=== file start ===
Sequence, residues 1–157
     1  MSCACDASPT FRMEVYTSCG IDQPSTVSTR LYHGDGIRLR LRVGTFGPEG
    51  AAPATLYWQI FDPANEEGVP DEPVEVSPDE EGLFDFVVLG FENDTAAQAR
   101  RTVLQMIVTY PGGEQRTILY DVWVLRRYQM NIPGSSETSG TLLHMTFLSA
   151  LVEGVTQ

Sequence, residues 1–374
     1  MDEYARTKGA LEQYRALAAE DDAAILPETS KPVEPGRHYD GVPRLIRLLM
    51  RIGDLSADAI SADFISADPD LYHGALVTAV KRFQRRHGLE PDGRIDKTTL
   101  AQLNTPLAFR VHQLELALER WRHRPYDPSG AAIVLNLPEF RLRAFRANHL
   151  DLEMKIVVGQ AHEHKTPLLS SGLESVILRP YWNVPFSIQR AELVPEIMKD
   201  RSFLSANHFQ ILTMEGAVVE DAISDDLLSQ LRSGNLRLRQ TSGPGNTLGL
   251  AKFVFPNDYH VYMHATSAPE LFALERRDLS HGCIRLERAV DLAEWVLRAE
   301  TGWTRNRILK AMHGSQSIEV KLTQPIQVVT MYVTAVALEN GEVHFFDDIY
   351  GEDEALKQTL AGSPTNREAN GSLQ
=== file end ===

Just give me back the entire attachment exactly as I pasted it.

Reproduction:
Sequence, residues 1–157
     1  MSCACDASPT FRMEVYTSCG IDQPSTVSTR LYHGDGIRLR LRVGTFGPEG
    51  AAPATLYWQI FDPANEEGVP DEPVEVSPDE EGLFDFVVLG FENDTAAQAR
   101  RTVLQMIVTY PGGEQRTILY DVWVLRRYQM NIPGSSETSG TLLHMTFLSA
   151  LVEGVTQ

Sequence, residues 1–374
     1  MDEYARTKGA LEQYRALAAE DDAAILPETS KPVEPGRHYD GVPRLIRLLM
    51  RIGDLSADAI SADFISADPD LYHGALVTAV KRFQRRHGLE PDGRIDKTTL
   101  AQLNTPLAFR VHQLELALER WRHRPYDPSG AAIVLNLPEF RLRAFRANHL
   151  DLEMKIVVGQ AHEHKTPLLS SGLESVILRP YWNVPFSIQR AELVPEIMKD
   201  RSFLSANHFQ ILTMEGAVVE DAISDDLLSQ LRSGNLRLRQ TSGPGNTLGL
   251  AKFVFPNDYH VYMHATSAPE LFALERRDLS HGCIRLERAV DLAEWVLRAE
   301  TGWTRNRILK AMHGSQSIEV KLTQPIQVVT MYVTAVALEN GEVHFFDDIY
   351  GEDEALKQTL AGSPTNREAN GSLQ